It's Friday. I'm sitting at the airport, trying to catch my breath.
When I left Boston on Wednesday on my way to a national conference on education, I was that passenger at the airport that everyone hopes not to be -- the one who, as the doors are getting ready to close -- is still four gates away and sprinting down the hallway. The passenger the airline has to page because, truthfully, you were responsible and "checked in" the night before on the website so they expected you to be there.
But, as things happen, on the way to the airport, there was a death on the highway. As the news came over the traffic report, we learned of a pedestrian who may have wandered onto the highway, I felt my anger at the stand still lanes of cars melt away into sadness. Over the horizon, I could see the flashes of blue and red light fight against the purples and yellows of the sunrise. As I got closer, I fought against my own practice of not looking at the accident. But, the sneakers on the road, just feet from my car, forced me to confront the tragedy itself.
I thought of the person's body, strapped to the gurney, sheet drawn over face. Shoeless. How easy it is to forget that a person was there.
The relief of strapping myself into the seat and the pilot's voice welcoming us to the flight soon took over. I caught my breath. I was headed to Baltimore.
For the past few months, I have been preparing for a new type of speech. At this point in my career, I consider myself quite versed in being able to deliver engaging and interesting keynotes. I'm good at free-styling and taking conversations I had that morning and weaving them into my presentations. But, this style -- a pechakucha -- was different. It challenged me to stay focused, to stay present, and to stay concise. For the next 24 hours, all I could do was thinking about, and practice, this presentation.
I arrived at the conference and met up with old friends. The pechakucha came and went. And, once the adrenaline high wore off, I curled up in my bed and fell asleep. Hours later, I met up with some new friends -- mostly folks of color -- for dinner.
The next day, I had an early flight. I packed my things. Walked out to the taxi stand. I made my way to the airport.
The gentleman driving the cab was from Nigeria. He talked about meeting lots of good people from this conference. I told him I was heading home to Boston, and he shared "I love sports fans from Boston. They are so loyal to their team. All the time." He talked about watching the Super Bowl and how happy he was for people in Boston because he knew we were "all fans."
He then said, "It's nice to see people coming to Baltimore. Two years ago, people didn't really want to come here."
I was silent. I couldn't remember what had happened two years ago in Baltimore.
And then I did. I gasped.
Quickly, I felt the wind knocked out of my lungs.
I felt disappointment and shame deep into my stomach.
I felt the blood drain from my face.
He sensed my silence.
"You know. With Freddie Gray."
"Yes." That was all I could reply.
"It was a scary time," he says.
Friends, I had spent almost three days in Baltimore. This past summer, I spent six weeks knee deep in the brilliant work of Anna Deveare Smith as she told the stories of beautiful Black and Brown people who lived -- and died -- as a result of racism. I facilitated dialogue groups about quotes from Freddie Gray's friends.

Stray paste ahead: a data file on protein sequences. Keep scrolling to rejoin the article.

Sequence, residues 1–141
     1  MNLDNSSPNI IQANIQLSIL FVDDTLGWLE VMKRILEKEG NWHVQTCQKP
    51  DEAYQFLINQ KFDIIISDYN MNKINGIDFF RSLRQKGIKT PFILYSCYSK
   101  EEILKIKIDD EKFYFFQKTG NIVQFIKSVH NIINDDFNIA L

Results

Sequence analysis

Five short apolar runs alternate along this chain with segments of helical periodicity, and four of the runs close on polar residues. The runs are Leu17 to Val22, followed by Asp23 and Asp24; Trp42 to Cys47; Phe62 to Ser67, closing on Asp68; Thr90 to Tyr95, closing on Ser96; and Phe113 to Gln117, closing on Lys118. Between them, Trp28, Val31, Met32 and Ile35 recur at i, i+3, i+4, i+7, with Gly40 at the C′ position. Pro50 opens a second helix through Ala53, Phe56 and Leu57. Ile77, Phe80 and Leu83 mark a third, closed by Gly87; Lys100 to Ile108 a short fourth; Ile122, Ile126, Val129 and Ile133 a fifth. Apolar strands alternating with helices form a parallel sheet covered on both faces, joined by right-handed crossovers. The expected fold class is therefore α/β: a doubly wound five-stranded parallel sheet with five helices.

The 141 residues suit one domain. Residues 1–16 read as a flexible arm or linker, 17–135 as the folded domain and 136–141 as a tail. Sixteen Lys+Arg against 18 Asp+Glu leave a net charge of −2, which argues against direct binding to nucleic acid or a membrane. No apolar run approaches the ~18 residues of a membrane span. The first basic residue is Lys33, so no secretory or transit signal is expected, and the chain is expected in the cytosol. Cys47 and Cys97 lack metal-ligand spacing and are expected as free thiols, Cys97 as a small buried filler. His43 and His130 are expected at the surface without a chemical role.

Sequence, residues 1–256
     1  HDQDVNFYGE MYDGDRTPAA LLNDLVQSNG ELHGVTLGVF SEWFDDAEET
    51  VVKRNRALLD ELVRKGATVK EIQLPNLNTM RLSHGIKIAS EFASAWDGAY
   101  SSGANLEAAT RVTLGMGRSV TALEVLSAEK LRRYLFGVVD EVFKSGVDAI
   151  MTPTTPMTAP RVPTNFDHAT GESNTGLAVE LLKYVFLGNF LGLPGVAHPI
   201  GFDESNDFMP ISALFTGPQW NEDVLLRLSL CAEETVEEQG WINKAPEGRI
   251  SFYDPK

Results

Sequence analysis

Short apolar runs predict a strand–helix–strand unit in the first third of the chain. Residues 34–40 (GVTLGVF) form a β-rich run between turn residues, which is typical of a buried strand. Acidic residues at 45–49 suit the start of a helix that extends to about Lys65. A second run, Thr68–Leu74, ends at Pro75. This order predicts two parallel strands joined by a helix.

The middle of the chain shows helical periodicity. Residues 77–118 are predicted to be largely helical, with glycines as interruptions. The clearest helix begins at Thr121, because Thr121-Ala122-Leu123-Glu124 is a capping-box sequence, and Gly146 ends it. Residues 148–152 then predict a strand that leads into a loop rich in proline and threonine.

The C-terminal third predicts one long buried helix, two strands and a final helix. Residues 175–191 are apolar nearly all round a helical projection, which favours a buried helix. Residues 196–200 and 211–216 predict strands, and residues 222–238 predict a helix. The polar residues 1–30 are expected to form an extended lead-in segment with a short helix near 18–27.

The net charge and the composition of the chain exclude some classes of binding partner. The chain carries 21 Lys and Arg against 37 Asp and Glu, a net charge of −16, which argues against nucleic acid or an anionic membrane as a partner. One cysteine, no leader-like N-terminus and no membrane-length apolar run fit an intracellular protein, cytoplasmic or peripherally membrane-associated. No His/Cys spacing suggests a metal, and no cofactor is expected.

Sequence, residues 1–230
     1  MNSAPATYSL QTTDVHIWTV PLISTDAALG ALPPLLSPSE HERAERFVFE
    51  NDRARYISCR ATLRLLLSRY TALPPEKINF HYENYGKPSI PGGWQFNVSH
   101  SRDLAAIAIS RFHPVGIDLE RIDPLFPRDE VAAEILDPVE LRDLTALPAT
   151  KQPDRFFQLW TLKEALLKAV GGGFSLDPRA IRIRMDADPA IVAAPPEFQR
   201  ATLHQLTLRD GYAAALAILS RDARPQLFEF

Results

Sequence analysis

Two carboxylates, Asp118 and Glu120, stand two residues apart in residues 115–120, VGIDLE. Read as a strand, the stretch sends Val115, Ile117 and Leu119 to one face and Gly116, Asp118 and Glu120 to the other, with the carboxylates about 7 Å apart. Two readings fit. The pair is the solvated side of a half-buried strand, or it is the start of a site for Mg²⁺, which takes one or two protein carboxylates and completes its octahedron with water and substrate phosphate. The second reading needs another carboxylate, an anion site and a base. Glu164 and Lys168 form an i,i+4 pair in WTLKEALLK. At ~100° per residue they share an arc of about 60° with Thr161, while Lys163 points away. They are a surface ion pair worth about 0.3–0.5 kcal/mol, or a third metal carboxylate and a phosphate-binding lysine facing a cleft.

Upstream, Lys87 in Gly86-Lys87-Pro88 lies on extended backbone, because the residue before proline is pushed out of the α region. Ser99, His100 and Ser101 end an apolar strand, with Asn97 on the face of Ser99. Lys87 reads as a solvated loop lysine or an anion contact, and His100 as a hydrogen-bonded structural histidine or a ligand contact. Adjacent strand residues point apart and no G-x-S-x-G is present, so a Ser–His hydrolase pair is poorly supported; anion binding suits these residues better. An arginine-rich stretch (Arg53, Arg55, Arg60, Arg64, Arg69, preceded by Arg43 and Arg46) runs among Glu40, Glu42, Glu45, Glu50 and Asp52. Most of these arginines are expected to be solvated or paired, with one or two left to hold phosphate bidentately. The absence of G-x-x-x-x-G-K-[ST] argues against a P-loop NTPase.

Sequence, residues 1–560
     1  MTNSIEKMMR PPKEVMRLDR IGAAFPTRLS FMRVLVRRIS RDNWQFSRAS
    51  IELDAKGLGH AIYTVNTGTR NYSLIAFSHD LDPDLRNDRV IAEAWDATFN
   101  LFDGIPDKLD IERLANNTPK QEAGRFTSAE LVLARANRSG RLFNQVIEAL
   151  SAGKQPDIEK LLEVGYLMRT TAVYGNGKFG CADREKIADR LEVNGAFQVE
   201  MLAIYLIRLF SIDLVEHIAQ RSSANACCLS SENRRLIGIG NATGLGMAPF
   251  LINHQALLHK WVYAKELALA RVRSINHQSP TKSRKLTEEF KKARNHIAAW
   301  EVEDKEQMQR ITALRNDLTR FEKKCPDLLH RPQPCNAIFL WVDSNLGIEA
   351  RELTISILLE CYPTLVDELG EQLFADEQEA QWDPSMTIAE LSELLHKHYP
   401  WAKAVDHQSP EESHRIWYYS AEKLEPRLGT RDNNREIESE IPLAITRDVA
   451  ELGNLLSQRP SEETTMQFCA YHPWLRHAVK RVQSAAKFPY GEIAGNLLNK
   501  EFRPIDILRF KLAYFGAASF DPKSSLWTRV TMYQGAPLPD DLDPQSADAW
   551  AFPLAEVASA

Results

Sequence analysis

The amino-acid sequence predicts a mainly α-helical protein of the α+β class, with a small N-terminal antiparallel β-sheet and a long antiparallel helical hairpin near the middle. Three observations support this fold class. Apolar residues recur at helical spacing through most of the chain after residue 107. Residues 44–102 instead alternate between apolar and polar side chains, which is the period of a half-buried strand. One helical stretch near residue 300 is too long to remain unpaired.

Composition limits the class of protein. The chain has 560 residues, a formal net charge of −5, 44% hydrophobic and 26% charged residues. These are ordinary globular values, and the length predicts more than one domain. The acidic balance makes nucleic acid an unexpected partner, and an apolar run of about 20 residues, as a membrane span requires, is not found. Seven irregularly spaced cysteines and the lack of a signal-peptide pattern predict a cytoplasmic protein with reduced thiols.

And, in my time in Baltimore, the longest conversation I had about Freddie Gray was 30 seconds in a cab ride as I watched the city skyline fade away in the distance.
I began to blame shift. In my head, I began to craft the email I was going to send the organizers of the conference: "How could we be educators committed to social justice and not have a Presidential session on our complicitness in a system of racism? How could we go three days, as leaders in education, and not mention the names of Black lives lost too soon? How could we, as transformational schools, not focus our efforts on community engagement, community collaboration, and acknowledgement of our roles in the school-to-prison pipeline?"
I was angry at the organization. I was angry at my fellow educators. I was angry at our field.
And, I reminded myself that the anger I was feeling had to be directed at me, too.
Writing this piece forced me to do this. I'm not sitting in a corner writing at the airport, waiting for my plane to board, as I typically do. I'm sitting facing the long stream of passengers on their way to gates. I'm facing my fellow humans as we move through this world together. It would be too easy for me to find a quiet place, to find the chair furthest from any other people and to hide in my shame.
See, that's just it. When we feel shame or disappointment, our instinct is to hide. Our instinct is to pull away. Our instinct is to hope that no one else noticed.
It's not easy, in this exact moment, to be writing this piece and watching the streams of people -- mostly Black -- walking past me. As an Asian American, I experience justice and injustice differently from people who are Black. It's easy for me, if I choose, to not see that. It's easy for me to not see what that means.
It's easy for me to blame the organization and to not blame myself.
It's easy to forget.
It's easy to forget that we all participate in the erasure of pain, the denial of tragedy, and the blindness of justice.
How easy it is to forget when our own priorities come first.
I'm here in Baltimore, and my flight leaves in a few minutes.
And, I can't help but wonder how easy it will be for me to forget again.